Congratulations! You’ve worked your whole life for this. The list of things you want to accomplish upon retiring may include travel the world, volunteer with a local charity or spend hours on end at the golf course. Whatever your plans, you’re feeling pretty confident with that gold watch on your wrist and Medicare card in your wallet. Unfortunately, with today’s high cost of medical care, many retirees find Medicare is not enough. So, don’t be surprised if the first item on your retirement “to do” list is shopping for Medicare supplement plans.
These plans are insurance policies intended to minimize out-of-pocket expenses by picking up the charges that Medicare does not cover. Referred to as Medigap, because they bridge the gap between what the doctor charges and what Medicare pays, these insurance policies pay for deductibles, coinsurance, copayments, and in some cases, services that Medicare does not cover at all, such as emergency care in foreign countries.
How They Work
Medicare has two major components: Medicare Part A, which covers hospital expense, and Medicare Part B, which covers medical coverage for expenses such as lab tests, surgeries and doctor visits.
Even if you have both Medicare Part A and Medicare Part B, you will still have out-of-pocket expenses for items such as deductibles, copayments and coinsurance. This is where Medigap comes in.
As of 2013, the annual deductible for Medicare Part B is $147 and coinsurance is 20 percent.
If you went to the doctor, and he charged $500. After you paid the $147 deductible, Medicare would pay 80 percent of the remaining $353, or $282.40. Your out-of-pocket expenses would be the 20 percent coinsurance of $70.60, plus $147, or $217.60.
If you have Medigap insurance coverage, it would pay the $217.60 that you owe on the doctor’s visit.
Who Needs Medigap?
Certainly, you will not need a supplement if the company you worked for offers free health insurance to retirees, but for those with health problems who are living on a fixed income, Medigap insurance can be a good investment.
While everyone’s financial picture and health situation is different, if your out-of-pocket medical expenses are continuing to rise due to health issues, it might be worth your time to look into coverage.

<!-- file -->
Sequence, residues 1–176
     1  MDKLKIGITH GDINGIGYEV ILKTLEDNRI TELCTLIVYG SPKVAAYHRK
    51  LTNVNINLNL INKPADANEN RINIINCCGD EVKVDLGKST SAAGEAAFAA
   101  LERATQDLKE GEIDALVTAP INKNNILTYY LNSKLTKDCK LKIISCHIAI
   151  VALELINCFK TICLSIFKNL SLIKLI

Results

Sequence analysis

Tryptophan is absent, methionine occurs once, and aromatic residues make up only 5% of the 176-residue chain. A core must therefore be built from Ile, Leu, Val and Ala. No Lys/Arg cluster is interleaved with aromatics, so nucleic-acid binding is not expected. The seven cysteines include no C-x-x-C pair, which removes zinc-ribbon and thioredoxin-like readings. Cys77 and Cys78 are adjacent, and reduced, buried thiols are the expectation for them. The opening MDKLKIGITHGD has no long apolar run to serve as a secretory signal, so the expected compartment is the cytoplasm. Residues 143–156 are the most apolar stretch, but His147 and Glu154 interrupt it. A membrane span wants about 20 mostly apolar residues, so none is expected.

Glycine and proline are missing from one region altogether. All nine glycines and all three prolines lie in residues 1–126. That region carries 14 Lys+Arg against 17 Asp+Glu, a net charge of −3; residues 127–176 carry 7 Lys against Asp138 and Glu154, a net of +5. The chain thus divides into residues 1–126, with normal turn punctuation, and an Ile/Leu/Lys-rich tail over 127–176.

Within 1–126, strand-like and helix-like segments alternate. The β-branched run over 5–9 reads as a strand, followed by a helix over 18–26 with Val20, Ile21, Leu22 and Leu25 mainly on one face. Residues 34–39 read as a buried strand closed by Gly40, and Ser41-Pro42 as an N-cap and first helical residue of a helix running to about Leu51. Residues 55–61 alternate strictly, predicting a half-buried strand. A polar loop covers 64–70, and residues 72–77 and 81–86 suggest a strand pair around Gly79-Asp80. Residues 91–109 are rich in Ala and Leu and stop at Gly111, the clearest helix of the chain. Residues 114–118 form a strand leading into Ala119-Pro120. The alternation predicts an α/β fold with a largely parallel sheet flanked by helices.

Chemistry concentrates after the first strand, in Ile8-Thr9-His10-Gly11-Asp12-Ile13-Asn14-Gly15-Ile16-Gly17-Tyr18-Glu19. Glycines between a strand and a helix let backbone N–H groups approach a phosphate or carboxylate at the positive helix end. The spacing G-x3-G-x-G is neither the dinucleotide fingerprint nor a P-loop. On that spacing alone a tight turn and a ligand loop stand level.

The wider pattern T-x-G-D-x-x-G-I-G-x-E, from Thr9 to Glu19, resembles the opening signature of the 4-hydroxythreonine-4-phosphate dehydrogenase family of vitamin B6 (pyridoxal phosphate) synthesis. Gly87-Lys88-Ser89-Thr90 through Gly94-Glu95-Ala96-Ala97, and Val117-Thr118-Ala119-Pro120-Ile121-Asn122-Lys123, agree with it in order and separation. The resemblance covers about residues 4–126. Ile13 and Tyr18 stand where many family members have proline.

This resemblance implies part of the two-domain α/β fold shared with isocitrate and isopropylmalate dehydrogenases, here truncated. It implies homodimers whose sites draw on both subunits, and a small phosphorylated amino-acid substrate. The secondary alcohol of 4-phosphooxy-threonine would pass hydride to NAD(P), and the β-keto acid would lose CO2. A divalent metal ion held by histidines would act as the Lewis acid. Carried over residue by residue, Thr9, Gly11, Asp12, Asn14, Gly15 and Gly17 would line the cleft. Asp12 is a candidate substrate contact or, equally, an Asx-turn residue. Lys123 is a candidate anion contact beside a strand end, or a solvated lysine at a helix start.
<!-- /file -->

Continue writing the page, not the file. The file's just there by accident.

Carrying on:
Plans are purchased through private insurance companies, and though the cost of these plans varies widely, the benefits are the same. Since 1992, all Medicare Supplement plans have been standardized by the federal government. Therefore they are all standardized to cover deductibles, coinsurance, and all other benefits within each plan letter regardless of company.
In the United States, federal law allows for insurance companies to carry 10 specific plans. They are identified by the alphabetical letters A, B, C, D, F, G, K, L, M and N. The benefits for these policies are the same regardless of the state in which you live and the insurance company from which you purchase the coverage. However, the premiums for coverage vary widely.
The basic benefits that all Medigap plans cover include:
• Coinsurance on hospital stays
• 100 percent of hospital care over the 150 days Medicare Part A covers
• 20 percent coinsurance of the Medicare-approved amount for Part B expenses
• First three pints of blood each calendar year
Supplements F and G are the only plans that cover Medicare Part B “excess charges.” Excess charges go above the Medicare-approved amount, and in some cases, the patient can be held responsible for these charges.
Both plan F and plan G cover skilled nursing facility care, Medicare Part A deductible, Medicare Part B excess charges and foreign travel emergency care.
However, plan G does not cover the Medicare Part B deductible.
Another difference between these two plans is, plan F has a high deductible option, so premiums for this plan are lower. More out-of-pocket expense means lower premiums.
It is also important to note that Medigap only covers those services that Medicare deems medically necessary, and that Medigap policies generally do not cover long-term care, vision or dental care, hearing aids, eyeglasses, or private-duty nursing.
Who is eligible?
Generally, individuals who are covered by Medicare, can purchase Medigap. Medicare is available to those who are age 65 or older, those who have been on Social Security Disability for more than 24 months and those who have End-Stage Renal Disease.
However, Medigap is not available to Medicare recipients who have a Medicare Advantage Plan, an employer group health plan or a Medicare Select Plan.
In addition, a Medigap policy only covers one person, so if you have a spouse, they will need a separate one.
The Centers for Medicare and Medicaid offer a buying guide for individuals in the market for a Medigap plan. You can view the guide at http://www.medicare.gov/Publications/Pubs/pdf/02110.pdf.
There is no one size fits all when it comes to Medicare supplement plans, though they all pay the 20 percent coinsurance and most or all of the deductibles. The plan you choose will depend on your unique financial situation and on the state of your health. Since there are so many to choose from, it is advisable to shop around using our website and our experienced agents to study the options before making a decision.